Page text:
- The important nutritional lesson of midsummer’s day
- If you want the most nutritional punch from your food, do this
- How this natural anti-depressant got its name
Happy Midsummer’s Day!
Although that word ‘midsummer’ is a bit confusing, isn’t it?
The school holidays haven’t even started… and yet we’re already midsummer?!
Meteorologically speaking, we’re only a month into summer, so there are still two thirds of it left.
And astronomically speaking, summer started on the June Solstice, which was on Tuesday, earlier this week – so we’re only a few days into that, too.
So why midsummer?
Well, the reason we celebrate ‘midsummer’ between June 19 and June 24th is because since ancient times, pagans have partied in the week surrounding the summer solstice.
Bonfires were lit to ward off evil spirits and there was dancing and feasting as the earth began to turn away from the sun.
From the solstice day onwards, the days begin a slow but inevitable process of getting shorter.
However, a likely reason for the name ‘midsummer’ was that in olden times, today was midpoint of the growing season between planting and harvest.
This is why in some countries it’s known as one of four ‘Quarter Days’.
To add to the confusion, the Christians decided that they would take that pagan festival and use it for their own celebrations, which is why June 24th is St John the Baptist day, or just St John’s Day.
Anyway, whatever the reason for it, I think it’s a great day to celebrate, for a number of reasons.
Firstly, it’s good to recognise the seasons… the tilt of the earth, the changes in the weather, and all that wonderful sunlight we get in these long days.
There’s a lot of troubling stuff happening in the world, from the rise in living costs to war in Europe, and climate change – but sometimes it’s important to look at the good things we have in the here and now.
So this day is an excuse to celebrate being alive on this precious jewel of a planet, with all its strange wonders and simple pleasures.
Secondly, midsummer is a chance to think about all the wonderful bounties that nature offers us at various times of year.
In our modern culture of permanent electricity and lights, 24/7 online ordering and mass-produced goods shipped around the world, we have lost a lot of our connection to the ebb and flow of nature.
We assume that everything is, and should be, available all the time, all year round, whenever we want it.
But there is such pleasure in living in tune with the seasons.
And significant ecological and health benefits, too.
If you want the most nutritional punch from your food, then you should do this
I don’t mean to sound like a hippy about the idea of being in harmony with the seasons – for me it’s not simply a fancy ‘idea’, it’s a practical way to live a good life, getting the most of food and drink without harming the environment unnecessarily.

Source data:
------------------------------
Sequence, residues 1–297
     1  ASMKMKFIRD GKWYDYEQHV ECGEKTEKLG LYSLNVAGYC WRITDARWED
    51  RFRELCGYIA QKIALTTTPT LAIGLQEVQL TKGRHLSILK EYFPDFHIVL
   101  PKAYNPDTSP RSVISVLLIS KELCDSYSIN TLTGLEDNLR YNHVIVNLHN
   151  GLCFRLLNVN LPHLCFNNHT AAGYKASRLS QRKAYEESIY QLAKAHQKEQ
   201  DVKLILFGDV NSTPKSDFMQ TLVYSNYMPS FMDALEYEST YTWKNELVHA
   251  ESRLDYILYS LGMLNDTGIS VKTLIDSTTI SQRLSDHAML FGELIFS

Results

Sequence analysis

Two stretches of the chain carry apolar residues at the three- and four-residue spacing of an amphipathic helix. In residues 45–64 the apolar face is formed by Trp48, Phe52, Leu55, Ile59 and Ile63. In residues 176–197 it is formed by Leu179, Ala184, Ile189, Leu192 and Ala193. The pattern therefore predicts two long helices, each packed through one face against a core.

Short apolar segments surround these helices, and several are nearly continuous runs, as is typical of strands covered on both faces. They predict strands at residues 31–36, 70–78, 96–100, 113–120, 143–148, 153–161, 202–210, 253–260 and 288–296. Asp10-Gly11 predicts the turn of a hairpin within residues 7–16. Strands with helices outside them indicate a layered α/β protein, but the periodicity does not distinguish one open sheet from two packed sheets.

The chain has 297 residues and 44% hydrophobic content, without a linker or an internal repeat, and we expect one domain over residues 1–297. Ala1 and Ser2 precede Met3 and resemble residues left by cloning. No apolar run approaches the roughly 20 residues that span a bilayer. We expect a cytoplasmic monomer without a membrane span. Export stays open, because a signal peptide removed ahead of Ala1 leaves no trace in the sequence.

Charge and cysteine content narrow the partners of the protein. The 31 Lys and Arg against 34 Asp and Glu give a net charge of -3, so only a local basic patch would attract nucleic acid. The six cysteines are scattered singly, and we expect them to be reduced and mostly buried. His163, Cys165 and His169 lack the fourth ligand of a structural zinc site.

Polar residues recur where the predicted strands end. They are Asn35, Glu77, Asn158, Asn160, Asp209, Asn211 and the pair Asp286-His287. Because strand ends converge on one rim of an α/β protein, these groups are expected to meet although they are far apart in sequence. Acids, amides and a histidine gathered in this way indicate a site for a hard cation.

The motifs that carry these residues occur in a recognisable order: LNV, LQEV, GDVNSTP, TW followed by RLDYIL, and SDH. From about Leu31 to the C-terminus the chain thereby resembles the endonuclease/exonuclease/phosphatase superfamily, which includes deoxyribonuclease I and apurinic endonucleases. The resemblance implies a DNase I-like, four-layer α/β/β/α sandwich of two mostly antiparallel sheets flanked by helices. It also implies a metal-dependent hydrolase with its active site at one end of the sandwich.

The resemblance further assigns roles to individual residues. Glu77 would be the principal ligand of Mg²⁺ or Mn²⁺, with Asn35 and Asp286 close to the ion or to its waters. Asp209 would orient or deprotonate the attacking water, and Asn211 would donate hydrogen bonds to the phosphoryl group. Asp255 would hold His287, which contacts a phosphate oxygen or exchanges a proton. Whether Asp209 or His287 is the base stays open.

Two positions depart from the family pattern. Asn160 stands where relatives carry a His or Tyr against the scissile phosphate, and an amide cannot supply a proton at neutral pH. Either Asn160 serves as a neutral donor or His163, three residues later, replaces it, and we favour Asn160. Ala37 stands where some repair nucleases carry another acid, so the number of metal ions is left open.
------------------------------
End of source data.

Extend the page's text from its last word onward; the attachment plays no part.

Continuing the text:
Because when you eat with the seasons, you get the maximum flavour, the most nutrition and the lowest carbon footprint from everything you eat.
And June into July are such wonderful months in this country for food. For example, this month in the UK, some of the best seasonal vegetables are:
- Broad beans
- Baby carrots
- Spring cabbage
- Globe artichokes
- New potatoes
- Courgettes and summer squash
- Spring onions
And the best fruits include:
It’s often said that if you want to give yourself the best nutritional boost every day, you should eat ‘the colours of the rainbow’ and the food around this time of year can certainly provide that.
How this natural anti-depressant got its name
As I already mentioned in this letter, today is also known as St John’s Day in the Christian calendar.
Which is how a popular herbal remedy got its name…
Because it was on this day that a European shrub called ‘hypericum perforatum’, would usually flower.
It therefore became known as St. John’s wort.
Its flowers and leaves have a famously powerful medicinal effect on people with depression and menopausal symptoms.
Some studies have shown that St John’s Wort supplements can be as effective as many prescription antidepressants, although the jury is still out on whether it works for people with severe depression.
There is also evidence that it can reduce the intensity of somatic symptom disorder, which is a form of anxiety about physical symptoms like pain or shortness of breath.
And other studies show that it can reduce hot flushes in menopausal women.
The snag is that St. John’s wort interacts badly with some medications, so you need to consult a medical professional before you take it.
In a few cases it can cause agitation, anxiety, dizziness, diarrhoea, constipation and stomach pain.
However, if you are physically ok to try it, and you do suffer anxiety issues, it could be one to try.
Another option would be to try a CBD product – you can see a full range of our recommendations here: CBD for anxiety.
Anyway, I’ll leave you to enjoy the rest of Midsummer’s Day – I’ll be back with more over the weekend.